Spinal arthritis typically is the more commonly used name for facet joint syndrome. The facet joints in your spine allow you to bend and twist — all the things you take for granted — until pain gets in the way. Normally, facet joint syndrome comes from wear and tear of your cartilage, which damages your discs or impinges the nerves exiting your spinal cord. It’s the kind of pain that limits your movement, but you can get help at Pain Management in New York City. Call today for an appointment!
Inflammation in your spine or sacroiliac joints, located between your spine and pelvis, can cause spinal arthritis, also referred to as facet joint syndrome.The inflammation may be from wear-and-tear over time, an autoimmune disorder, an infection or some other condition. The most common type of spinal arthritis is osteoarthritis, which affects the cartilage of your lower spine.
Facet joint syndrome can hit any area of your spine, however. Most commonly, the pain associated with this condition appears in your lower back or your neck. Symptoms of facet joint syndrome include:
- General pain in the neck or upper back region
- Joint tenderness
- Pain after a trauma, such as a car accident or a hard fall
- Pain that worsens with poor posture
- Pain that increases at night
Causes and Risk Factors
The question of how to treat spinal arthritis begins with identifying its cause. If it’s not osteoarthritis, which is caused by wear and tear,you may have a genetic predisposition to spinal arthritis.Your pain doctor at pain management center NYC, therefore, asks you about the health of your parents, siblings and other close relatives.
Additionally, several risk factors increase your predisposition to facet joint syndrome. These factors include:
- Your age. Osteoarthritis tends to show up in your body after you turn 40. As you age, the discs that provide the cushiony support in your spine lose fluid. The vertebral discs begin to dry out, becoming more apt to rupture and press against the nerves of your spine.This condition is painful, but treatable.
- Being overweight or obese. Carrying extra weight adds stress to your spine. Many obese men and women carry this extra weight in the abdomen, which pulls your spine forward in the lower lumbar region.This causes an anterior pelvic tilt that pulls your spine out of alignment and dehydrates your discs.
- Herniated discs. Your spinal discs dry out over time as you age.In a herniation, the gel-like inner material of the disc escapes through a crack or break in the disc’s shell, where it presses on your spinal nerves, causing pain.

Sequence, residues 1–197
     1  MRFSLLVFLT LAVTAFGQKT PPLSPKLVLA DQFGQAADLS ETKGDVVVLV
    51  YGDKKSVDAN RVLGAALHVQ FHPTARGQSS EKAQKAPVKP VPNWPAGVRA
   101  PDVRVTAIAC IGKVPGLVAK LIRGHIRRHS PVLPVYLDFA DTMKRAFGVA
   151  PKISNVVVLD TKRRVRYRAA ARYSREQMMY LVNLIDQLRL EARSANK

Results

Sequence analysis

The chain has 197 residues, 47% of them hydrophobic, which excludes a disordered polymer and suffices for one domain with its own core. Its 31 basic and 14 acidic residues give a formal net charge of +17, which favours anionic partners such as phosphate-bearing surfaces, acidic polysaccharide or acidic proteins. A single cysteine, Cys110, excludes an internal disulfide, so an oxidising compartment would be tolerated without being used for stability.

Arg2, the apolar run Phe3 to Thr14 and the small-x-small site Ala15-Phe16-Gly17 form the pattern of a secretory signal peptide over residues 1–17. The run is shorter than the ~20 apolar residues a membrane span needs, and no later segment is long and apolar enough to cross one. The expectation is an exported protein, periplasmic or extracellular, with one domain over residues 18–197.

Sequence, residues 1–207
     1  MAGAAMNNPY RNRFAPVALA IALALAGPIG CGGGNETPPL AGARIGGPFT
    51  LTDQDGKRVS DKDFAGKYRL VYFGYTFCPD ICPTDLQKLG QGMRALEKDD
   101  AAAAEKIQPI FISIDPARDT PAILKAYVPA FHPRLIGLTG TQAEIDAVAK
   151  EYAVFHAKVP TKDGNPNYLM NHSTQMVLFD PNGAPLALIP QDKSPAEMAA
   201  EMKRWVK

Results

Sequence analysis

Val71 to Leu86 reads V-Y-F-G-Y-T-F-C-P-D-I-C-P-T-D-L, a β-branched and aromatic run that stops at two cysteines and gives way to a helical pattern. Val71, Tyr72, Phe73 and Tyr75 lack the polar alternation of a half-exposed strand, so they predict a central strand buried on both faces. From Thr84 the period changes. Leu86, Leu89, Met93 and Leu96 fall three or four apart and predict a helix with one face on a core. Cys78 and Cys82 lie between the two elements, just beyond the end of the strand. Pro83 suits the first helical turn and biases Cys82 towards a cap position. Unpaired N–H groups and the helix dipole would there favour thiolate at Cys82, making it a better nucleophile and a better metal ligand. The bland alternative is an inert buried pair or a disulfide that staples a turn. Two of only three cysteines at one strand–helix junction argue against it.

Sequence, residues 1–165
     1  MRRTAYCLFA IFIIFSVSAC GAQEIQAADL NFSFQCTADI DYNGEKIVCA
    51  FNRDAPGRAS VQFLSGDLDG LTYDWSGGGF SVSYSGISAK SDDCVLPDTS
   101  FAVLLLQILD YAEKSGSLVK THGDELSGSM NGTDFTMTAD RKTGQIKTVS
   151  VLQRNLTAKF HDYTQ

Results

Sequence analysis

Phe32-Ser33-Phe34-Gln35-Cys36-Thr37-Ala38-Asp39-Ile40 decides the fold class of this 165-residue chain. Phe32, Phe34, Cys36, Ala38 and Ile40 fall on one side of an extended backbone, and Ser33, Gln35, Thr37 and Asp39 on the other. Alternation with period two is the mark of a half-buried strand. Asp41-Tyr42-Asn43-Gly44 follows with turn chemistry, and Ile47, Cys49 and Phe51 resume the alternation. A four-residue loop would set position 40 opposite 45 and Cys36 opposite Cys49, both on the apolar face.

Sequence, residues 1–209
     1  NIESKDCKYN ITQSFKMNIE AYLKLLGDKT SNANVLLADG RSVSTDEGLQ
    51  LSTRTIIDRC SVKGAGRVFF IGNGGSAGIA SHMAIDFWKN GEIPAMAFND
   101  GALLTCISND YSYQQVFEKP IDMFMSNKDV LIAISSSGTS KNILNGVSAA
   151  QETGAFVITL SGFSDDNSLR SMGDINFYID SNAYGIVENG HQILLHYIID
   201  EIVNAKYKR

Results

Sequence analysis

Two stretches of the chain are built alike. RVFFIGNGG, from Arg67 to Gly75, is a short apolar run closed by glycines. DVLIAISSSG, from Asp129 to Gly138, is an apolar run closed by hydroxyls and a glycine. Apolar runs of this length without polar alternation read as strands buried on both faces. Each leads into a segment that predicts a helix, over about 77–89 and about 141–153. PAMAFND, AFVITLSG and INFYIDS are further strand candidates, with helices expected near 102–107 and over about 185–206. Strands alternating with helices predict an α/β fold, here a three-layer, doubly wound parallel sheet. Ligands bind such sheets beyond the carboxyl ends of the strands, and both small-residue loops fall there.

- Existing health conditions. If you have diabetes, gout, irritable bowel syndrome (IBS), Lyme disease, psoriasis or tuberculosis,you may experience nerve damage in your spine that results in diabetic neuropathy. IBS can cause certain types of arthritis known as enteropathic arthropathies. These inflammatory arthritic diseases, as well as reactive arthritis, result from infections in your digestive tract.
Treatment for Spinal Arthritis
At the top pain clinic in Manhattan, you’ll find several facet joint syndrome treatment options. The one best suited for you depends on a number of factors that your NYC pain management doctor considers.Invasive procedures are available, but you rarely need surgery. The best pain management doctors in New York always start with non-invasive procedures to treat your pain. These facet joint syndrome treatments include:
So contact Pain Management NYC for fast relief of your back or neck pain, as caused by facet joint syndrome. Visit the best back pain specialists in Manhattan.
Boleslav Kosharskyy, MD, is a top-rated, best-in-class interventional pain management doctor. He is board-certified in Anesthesiology, Interventional Pain Medicine, and Palliative Care.
Dr. Kosharskyy is an Associate Professor of Anesthesiology and Rehabilitation Medicine at Albert Einstein Medical College. He’s also the Associate Medical Director of Pain Medicine and Director of Anesthesia for the Joint Replacement Center at Montefiore Medical Center and Albert Einstein Medical College.
He is an active member of the American Society of Anesthesiology (ASA), the American Society of Regional Anesthesia and Pain Medicine (ASRA), and the New York State Society of Anesthesiologists (NYSSA)